Who Hath Believed Our Report
What Report?

In a Brief Survey of the Epistle of Paul to the Romans
Based on sermons preached in PCC Worship Services, July 2003 to Sep 2005
Part 51a of 83

“But they have not all obeyed the gospel. For Esaias saith, Lord, who hath believed our report? ” (Romans 10:16).

The apostle Paul has been addressing the question of what happened to the Israelites. Israel was God’s covenant people under the Old Covenant, but now God seems to have cut off the nation. While many Gentiles are being added into the church, most of the Jews remain in unbelief.

Paul’s immediate answer is: God’s sovereign election! God will have mercy on whom He will have mercy!

But what about the Law? Did not God give the Law as a way of salvation for the nation of Israel in the Old Covenant? If so, why is it that even the Jews, who apparently kept the Law, were not saved?

Paul does not answer by speaking of how the Jews not only did not keep the law, but violated them so grievously the Lord Jesus would call them hypocrites.

That would be true. But it is not the whole truth. The whole truth is that the Law was never meant as a means by which the Jews might obtain salvation by. The Law, was given as a covenant of works to man indeed, but only an unfallen man may obtain righteousness by this covenant.

The fact is: The effectual way of obtaining righteousness for fallen man has always been by grace through faith. Under the Old Covenant, the way of righteousness-by-faith was wrapped up in the Law, and the Jews were required to keep the Law. But still it is not the keeping of the law that procured righteousness, but rather faith in the Messiah.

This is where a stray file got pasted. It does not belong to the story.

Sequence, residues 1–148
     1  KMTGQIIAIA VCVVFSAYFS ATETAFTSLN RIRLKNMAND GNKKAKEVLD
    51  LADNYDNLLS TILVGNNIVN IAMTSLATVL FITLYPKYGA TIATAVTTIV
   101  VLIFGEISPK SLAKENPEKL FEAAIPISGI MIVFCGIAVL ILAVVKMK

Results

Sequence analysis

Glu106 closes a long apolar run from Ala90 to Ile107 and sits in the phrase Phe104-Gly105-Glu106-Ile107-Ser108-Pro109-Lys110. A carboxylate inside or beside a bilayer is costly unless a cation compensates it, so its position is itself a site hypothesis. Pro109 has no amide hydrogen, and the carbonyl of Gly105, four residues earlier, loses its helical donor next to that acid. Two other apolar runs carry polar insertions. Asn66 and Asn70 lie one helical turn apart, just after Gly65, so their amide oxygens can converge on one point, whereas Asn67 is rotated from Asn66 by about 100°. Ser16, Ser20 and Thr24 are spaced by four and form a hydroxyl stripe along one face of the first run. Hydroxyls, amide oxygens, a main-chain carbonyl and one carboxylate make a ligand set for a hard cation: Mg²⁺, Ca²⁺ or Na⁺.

So then, such as kept the Law, but were not looking to the Messiah had no righteousness and salvation. But “whosoever shall call upon the name of the Lord shall be saved” (v. 13). This was true under the Old Covenant.

And now under the New Covenant, this truth that has been made even more prominent because the wrapper of the law has fallen away.

But now a further question arises. We know that righteousness and salvation was by faith in the Messiah even under the Old Covenant. But did the Jews in the Old Covenant know this? Did they know about the Messiah and the good news of salvation in Him?

Paul answers this question by asking a series of rhetoric questions (v. 14):

14 How then shall they call on him in whom they have not believed? and how shall they believe in him of whom they have not heard? and how shall they hear without a preacher? 15 And how shall they preach, except they be sent? as it is written, How beautiful are the feet of them that preach the gospel of peace, and bring glad tidings of good things [Isa 52:7]” (Rom 10:14-15).

What is he trying to bring across? Simply this: Did the people know the gospel? Yes, for God sent his preachers to preach to them. Otherwise, what does Isaiah mean when he says, “How beautiful are the feet of them that preach the gospel of peace, and bring glad tidings of good things”?

The fact is: the Gospel was preached, for God had sent His preachers. So the real problem is not that the gospel was not preach. What then is the real problem? The real problem is, verse 16—

“But they have not all obeyed the gospel. For Esaias saith, Lord, who hath believed our report?” (Rom 10:16).

It was Isaiah who tells us that God has sent His preachers. But now he is saying that few had believed the report of the preachers, including himself. “Lord, who hath believed our report?” He says.